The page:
From the Michelin Man to the Pillsbury Doughboy, anthropomorphized brands have often been used by companies eager to put a personal face on their products. Now new research shows that thinking about brands as people can make you either take on the brand's characteristics or display the opposite characteristics, depending on how you feel about the brand.
Pankaj Agggarwal, a professor in the Department of Management at the University of Toronto Scarborough (UTSC) untangled some of the complexities in an upcoming paper in the Journal of Consumer Research.
Aggarwal, along with Ann L. McGill of the University of Chicago, looked at an effect called behavioral priming. Previous research has shown that you can affect people's behavior by reminding them about a social group. For instance, if you talk to people about the elderly, those who feel positively about the elderly will unconsciously mimic them by walking more slowly; people with negative feelings about the elderly will walk more quickly. Without realizing it people are trying to either show social affinity to the elderly or reject them.
Other research has shown that the same behavior happens with brands, even when they don't have a human-like mascot like the Doughboy. In one previous experiment, participants exposed to the Apple brand behaved more creatively, and those exposed to the Disney brand behaved more honestly than others. The brands were exerting a "quasi-social" influence.
But Aggarwal and McGill found that it's not as simple as merely liking or disliking a brand. In a series of experiments they confirmed the social priming effect, but also showed that the social role that the brand represented also had an effect on behavior. Specifically, they looked at the difference between a brand that was perceived as a "partner," and one that was perceived as a "servant."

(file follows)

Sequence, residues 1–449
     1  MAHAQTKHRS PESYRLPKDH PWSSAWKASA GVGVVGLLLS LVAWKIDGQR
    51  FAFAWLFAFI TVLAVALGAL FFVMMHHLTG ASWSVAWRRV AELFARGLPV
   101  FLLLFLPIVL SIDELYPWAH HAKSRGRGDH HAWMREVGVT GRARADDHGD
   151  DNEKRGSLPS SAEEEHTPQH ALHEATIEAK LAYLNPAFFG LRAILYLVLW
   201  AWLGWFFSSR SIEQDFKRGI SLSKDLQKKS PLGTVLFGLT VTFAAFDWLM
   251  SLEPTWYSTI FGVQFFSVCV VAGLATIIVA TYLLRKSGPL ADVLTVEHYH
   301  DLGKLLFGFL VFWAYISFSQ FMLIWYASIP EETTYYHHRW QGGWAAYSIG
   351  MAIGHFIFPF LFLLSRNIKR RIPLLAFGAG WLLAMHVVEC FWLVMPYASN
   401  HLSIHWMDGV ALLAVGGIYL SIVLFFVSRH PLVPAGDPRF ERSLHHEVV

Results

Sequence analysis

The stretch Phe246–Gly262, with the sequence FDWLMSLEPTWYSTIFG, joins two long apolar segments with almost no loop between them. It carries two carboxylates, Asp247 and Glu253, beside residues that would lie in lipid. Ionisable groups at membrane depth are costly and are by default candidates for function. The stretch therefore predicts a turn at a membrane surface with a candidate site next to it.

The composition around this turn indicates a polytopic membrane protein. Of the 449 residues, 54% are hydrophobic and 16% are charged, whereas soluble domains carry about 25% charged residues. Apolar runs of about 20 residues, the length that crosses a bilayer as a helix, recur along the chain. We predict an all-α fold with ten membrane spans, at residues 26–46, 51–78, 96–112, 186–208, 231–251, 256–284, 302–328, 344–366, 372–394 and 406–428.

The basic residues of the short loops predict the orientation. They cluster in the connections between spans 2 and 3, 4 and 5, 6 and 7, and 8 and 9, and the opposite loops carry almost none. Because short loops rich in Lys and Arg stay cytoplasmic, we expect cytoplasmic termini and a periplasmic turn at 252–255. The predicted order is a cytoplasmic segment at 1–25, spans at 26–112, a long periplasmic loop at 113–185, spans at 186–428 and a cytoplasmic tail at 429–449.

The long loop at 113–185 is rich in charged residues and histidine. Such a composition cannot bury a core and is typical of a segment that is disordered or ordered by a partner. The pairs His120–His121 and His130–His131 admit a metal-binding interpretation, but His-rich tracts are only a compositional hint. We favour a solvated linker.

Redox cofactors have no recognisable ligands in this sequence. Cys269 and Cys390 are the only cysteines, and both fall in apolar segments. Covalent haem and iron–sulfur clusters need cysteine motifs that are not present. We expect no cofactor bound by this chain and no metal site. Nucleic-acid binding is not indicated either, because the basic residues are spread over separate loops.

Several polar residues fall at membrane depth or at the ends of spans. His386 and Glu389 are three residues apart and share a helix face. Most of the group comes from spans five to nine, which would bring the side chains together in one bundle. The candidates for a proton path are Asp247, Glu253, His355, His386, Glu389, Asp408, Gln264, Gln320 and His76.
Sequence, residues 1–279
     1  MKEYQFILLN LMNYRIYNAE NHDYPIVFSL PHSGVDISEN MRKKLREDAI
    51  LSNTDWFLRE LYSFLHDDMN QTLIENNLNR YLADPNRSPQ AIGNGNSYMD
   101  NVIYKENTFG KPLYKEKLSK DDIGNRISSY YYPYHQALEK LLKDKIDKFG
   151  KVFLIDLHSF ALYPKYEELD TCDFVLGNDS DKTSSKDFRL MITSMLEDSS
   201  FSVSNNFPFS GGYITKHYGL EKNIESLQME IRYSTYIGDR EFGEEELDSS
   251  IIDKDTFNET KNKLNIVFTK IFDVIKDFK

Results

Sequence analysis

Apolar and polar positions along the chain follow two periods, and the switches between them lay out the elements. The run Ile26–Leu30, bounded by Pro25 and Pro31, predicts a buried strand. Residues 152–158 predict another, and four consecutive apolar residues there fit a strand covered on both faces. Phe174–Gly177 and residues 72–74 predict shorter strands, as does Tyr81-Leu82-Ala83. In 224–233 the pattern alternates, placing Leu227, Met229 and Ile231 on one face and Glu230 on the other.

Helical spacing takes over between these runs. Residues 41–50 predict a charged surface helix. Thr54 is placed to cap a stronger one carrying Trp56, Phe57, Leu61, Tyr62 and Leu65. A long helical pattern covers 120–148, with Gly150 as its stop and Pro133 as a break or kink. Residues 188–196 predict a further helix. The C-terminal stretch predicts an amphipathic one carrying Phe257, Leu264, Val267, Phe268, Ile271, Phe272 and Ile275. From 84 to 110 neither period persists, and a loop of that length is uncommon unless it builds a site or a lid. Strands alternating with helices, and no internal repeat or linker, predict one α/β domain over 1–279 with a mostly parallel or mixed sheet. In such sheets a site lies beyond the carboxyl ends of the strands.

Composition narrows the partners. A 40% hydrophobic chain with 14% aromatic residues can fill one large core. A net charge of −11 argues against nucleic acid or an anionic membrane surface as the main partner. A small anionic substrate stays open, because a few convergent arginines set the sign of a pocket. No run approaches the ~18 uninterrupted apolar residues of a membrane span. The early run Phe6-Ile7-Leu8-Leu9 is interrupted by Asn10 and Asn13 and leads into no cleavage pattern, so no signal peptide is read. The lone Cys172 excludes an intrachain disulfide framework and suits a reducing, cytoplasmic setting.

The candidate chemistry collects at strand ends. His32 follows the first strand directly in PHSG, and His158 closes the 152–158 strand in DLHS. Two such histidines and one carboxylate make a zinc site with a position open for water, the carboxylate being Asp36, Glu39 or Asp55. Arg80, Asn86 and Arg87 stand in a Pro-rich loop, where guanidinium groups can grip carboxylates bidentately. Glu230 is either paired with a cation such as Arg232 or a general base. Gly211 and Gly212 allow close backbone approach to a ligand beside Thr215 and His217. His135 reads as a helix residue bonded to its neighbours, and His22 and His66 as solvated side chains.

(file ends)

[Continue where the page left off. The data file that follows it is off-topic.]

For instance, in one part of the experiment the researchers used questions about the Volvo automobile, which is perceived as extremely safe. They manipulated whether participants saw the Volvo as a partner ("Volvo. Works With You. Helping You Take Care of What's Important.") or a servant ("Volvo. Works For You Taking Care of What's Important.") Participants were asked to think of the brand as a person, and then were asked questions about what risks they would take in a gambling situation, and finally how likeable they found the Volvo brand.
People who saw the brand as a partner and liked it said they would take fewer risks; people who saw it as a partner and disliked it said they would take more risks. The opposite was true when the Volvo was seen as a servant: those who liked it said they would take more risks, and those who disliked it said they would take fewer risks.
What was going on? Aggarwal and McGill explain that the two different roles, partner and servant, elicit different goals. In partners we like we want to show our affinity by behaving like them. In partners we dislike we want to drive them away by behaving differently. With servants we like, however, we want to show that we need them -- in the case of Volvo, participants showed they were careless and needed Volvo to perform the role of safety provider. People who disliked Volvo behaved carefully, to show they didn't need Volvo's services.
No one had these thoughts consciously, Aggarwal says. Rather they were the effect of automatic social behaviors which participants unthinkingly applied to brands once they started to imagine them as people.
"Prof. Aggarwal's research explores how cognitive mechanisms that evolved in humanity's distant past interact with our 21st Century world, often in surprising ways. His research promises to help us understand how and why we behave the way we do in our modern consumer culture," says Malcolm Campbell, UTSC vice-principal, research.
The next step, Aggarwal says, is to explore other roles that brands can take on and see how those affect our willingness to take on their characteristics.
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